These new breed American Royal guys are scary…
UMB’s Mariner Kemper doesn’t really fall into that category – he’s far too mellow – plus he wrote a touchy-feely op-ed two weeks back. However today’s answer to R. Crosby Kemper, Jr., – Cerner main man Neal Patterson,- is a dick-biter-offer of the first order.
And look no further than Patterson’s Wikipedia page for the evidence:
“Patterson is infamous for an e-mail flaming managers for not coming to work before 8 am and leaving before 5 pm, now a prominent example used when discussing e-mail etiquette,” it reads. “On the day that the email was posted to Yahoo, the company’s market cap fell by over 22% from a high of $1.5 billion USD.”
How harsh was it?
“The only things missing from the office memo were expletives,” the New York Times wrote in 2001. “It had everything else. There were lines berating employees for not caring about the company. There were words in all capital letters like ”SICK” and ”NO LONGER.” There were threats of layoffs and hiring freezes and a shutdown of the employee gym.”
Originally intended for Cerner managers, the email spread throughout the 3,000 person staff, went viral and became a shot heard round the world.
“Now, Neal L. Patterson, the 51-year-old chief executive, a man variously described by people who know him as ‘arrogant,’ ‘candid’ and ‘passionate,’ says he wishes he had never hit the send button,” the Times continued.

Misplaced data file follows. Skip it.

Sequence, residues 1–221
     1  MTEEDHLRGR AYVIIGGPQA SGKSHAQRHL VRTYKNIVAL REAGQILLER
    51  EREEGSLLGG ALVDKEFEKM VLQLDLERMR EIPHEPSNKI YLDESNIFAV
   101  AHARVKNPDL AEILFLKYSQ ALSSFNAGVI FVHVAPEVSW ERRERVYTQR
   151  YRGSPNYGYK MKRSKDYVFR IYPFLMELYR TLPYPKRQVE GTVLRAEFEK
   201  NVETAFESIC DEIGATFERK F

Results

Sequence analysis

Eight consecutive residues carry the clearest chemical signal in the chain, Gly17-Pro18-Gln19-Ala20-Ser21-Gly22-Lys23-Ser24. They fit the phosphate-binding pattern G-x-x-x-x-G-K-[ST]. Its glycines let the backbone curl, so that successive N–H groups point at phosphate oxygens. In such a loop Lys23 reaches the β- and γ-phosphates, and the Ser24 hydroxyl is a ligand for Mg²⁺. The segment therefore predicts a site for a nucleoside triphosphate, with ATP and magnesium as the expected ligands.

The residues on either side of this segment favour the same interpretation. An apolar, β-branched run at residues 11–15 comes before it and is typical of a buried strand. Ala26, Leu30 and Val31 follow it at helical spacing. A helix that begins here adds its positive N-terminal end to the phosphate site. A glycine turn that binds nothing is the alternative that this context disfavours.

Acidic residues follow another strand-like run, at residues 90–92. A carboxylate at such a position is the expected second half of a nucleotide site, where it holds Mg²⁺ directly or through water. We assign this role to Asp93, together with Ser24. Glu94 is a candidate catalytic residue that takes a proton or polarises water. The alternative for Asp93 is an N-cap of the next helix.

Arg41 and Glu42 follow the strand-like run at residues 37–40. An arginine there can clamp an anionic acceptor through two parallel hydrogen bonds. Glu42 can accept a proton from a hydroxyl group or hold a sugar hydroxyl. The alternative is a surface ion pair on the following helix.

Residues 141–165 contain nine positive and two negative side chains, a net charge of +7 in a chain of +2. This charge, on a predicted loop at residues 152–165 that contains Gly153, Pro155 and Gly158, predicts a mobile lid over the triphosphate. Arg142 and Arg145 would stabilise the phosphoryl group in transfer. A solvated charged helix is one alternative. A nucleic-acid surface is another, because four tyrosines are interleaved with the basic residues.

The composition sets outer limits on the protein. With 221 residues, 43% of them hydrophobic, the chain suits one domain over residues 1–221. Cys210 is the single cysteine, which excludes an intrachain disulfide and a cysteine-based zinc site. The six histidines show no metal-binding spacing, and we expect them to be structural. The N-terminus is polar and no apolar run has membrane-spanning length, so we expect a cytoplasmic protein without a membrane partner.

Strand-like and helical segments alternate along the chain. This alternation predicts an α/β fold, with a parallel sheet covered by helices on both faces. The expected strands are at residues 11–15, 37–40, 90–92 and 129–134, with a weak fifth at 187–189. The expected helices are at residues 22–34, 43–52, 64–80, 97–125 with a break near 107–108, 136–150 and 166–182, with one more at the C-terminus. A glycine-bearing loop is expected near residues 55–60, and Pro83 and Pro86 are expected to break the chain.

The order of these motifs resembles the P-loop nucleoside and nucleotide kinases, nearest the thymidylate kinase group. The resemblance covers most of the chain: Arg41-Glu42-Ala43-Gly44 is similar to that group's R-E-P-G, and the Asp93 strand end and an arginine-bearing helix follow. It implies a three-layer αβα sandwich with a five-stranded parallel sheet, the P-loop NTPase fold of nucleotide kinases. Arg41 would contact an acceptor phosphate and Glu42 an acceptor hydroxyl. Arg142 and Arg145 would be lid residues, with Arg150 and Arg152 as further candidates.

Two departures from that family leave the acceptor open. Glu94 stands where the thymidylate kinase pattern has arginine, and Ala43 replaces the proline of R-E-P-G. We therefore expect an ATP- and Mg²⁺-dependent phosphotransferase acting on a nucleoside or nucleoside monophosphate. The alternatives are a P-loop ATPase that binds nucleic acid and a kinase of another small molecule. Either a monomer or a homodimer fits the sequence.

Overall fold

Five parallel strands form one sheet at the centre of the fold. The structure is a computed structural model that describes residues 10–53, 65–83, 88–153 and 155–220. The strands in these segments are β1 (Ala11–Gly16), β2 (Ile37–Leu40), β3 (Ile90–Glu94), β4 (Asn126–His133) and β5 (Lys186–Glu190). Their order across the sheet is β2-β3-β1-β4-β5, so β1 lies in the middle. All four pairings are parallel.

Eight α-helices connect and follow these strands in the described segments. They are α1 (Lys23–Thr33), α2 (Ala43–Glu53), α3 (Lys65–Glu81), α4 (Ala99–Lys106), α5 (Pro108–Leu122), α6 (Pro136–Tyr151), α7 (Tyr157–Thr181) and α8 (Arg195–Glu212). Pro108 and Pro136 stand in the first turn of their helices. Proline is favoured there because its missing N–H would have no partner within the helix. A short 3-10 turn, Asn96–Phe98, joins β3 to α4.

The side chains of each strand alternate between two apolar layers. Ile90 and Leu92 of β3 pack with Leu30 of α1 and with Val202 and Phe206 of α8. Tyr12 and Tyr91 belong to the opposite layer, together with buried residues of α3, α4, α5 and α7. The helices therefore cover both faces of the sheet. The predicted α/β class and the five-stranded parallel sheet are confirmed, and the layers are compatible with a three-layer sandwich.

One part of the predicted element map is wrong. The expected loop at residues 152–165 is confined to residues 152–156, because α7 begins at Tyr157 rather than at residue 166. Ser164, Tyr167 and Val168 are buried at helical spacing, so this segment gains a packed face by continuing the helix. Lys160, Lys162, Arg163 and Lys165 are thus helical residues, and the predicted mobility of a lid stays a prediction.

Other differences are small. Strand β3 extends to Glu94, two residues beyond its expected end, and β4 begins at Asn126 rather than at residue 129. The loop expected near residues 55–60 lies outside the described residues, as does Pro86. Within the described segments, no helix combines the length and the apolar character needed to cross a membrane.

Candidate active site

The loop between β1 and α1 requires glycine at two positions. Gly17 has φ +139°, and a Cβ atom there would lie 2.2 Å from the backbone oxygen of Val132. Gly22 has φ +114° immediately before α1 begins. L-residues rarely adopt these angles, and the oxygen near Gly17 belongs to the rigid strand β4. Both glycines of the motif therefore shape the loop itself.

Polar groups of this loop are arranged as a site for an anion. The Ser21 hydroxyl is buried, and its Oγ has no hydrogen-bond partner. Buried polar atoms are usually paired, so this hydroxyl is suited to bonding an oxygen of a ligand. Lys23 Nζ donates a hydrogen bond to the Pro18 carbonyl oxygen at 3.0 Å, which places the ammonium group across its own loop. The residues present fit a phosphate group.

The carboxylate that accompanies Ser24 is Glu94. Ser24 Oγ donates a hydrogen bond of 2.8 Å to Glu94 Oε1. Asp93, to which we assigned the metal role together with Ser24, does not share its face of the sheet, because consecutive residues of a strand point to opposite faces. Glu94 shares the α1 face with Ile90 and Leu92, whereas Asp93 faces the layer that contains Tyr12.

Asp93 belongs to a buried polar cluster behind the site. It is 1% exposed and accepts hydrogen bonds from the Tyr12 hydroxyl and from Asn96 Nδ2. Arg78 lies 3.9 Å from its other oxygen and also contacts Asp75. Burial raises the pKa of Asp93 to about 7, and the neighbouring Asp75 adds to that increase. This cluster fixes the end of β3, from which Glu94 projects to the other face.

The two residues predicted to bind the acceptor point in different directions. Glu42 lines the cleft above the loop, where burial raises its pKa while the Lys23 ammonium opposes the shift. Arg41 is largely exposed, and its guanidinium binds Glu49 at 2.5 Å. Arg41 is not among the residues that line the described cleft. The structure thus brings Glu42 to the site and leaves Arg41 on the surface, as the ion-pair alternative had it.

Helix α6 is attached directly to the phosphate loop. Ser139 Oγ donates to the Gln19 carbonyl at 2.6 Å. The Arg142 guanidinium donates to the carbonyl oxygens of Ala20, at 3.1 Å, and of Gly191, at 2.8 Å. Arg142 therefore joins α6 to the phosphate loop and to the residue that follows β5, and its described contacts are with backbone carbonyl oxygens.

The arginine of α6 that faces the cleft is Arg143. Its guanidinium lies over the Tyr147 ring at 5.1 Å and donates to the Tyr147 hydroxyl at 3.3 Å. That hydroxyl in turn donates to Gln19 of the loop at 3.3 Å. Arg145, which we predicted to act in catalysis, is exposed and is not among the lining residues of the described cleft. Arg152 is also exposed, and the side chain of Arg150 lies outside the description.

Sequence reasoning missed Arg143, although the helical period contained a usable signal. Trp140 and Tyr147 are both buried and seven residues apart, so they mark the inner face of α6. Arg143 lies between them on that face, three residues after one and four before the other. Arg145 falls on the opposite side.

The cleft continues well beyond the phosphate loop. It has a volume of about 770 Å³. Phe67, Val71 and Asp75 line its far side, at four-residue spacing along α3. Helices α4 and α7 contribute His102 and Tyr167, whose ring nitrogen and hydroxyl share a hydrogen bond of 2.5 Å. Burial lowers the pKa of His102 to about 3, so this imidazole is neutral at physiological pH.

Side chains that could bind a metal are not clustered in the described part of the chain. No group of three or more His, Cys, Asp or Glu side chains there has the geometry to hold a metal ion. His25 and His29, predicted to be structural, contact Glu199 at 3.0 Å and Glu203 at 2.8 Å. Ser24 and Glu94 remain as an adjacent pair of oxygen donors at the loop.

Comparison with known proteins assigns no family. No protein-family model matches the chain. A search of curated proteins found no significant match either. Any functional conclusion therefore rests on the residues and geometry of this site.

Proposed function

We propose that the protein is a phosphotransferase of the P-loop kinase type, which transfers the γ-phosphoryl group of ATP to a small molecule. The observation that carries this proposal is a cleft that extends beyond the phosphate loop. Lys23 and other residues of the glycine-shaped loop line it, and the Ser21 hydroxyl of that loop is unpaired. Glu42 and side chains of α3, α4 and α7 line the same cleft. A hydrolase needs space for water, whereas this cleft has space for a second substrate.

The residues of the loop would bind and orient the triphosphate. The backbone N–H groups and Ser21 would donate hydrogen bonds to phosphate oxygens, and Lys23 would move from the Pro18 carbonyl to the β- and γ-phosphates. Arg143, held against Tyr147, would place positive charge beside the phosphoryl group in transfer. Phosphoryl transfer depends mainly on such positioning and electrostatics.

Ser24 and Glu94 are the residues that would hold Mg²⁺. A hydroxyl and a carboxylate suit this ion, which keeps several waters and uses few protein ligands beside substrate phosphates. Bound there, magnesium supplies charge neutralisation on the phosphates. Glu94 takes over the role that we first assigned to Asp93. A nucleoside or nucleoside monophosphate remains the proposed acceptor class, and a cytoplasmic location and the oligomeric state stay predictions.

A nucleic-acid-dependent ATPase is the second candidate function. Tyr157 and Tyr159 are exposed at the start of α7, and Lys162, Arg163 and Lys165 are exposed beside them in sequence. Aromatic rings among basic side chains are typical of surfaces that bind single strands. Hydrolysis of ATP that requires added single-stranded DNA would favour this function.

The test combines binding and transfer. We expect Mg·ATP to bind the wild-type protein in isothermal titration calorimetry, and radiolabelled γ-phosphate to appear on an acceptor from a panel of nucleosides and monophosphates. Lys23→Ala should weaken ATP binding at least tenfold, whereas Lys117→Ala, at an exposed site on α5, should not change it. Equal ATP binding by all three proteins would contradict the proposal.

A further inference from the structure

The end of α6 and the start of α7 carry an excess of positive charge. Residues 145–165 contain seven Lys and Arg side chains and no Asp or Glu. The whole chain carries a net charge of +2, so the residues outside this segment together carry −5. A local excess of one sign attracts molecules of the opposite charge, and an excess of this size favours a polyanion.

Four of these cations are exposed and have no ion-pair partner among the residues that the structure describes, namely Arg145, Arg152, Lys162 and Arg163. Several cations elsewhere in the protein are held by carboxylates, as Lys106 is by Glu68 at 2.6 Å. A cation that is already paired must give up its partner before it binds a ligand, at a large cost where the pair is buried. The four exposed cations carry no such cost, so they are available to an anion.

“Mr. Patterson went on to list six potential punishments, including laying off 5 percent of the staff in Kansas City. ‘Hell will freeze over,’ he vowed, before he would dole out more employee benefits. The parking lot would be his yardstick of success, he said; it should be ‘substantially full’ at 7:30 a.m. and 6:30 p.m. on weekdays and half full on Saturdays. ‘You have two weeks,’ he said. ‘Tick, tock.’ ”
Jeffrey Pfeffer, a business professor at the Stanford University, characterized Patterson’s approach as ”the corporate equivalent of whips and ropes and chains. It puts you at war with your employees and with your basic tendencies in human nature.”
A more recent example of Patterson’s “take no prisoners” corporate warfare went down in September when he threatened to move the American Royal out of KC.
Like that’s gonna happen.
Then again, if KCK or Louisville, Kentucky has $50 to $70 million and wants to hitch one of their wagons to a livestock and horse show, more power to ’em.
When a proposal to remake Kemper Arena into a youth sports Mecca began to get traction, the Royal sicced the town’s top law firm on the lowly Foutch Brothers and cease-and-desisted them into dropping their proposal.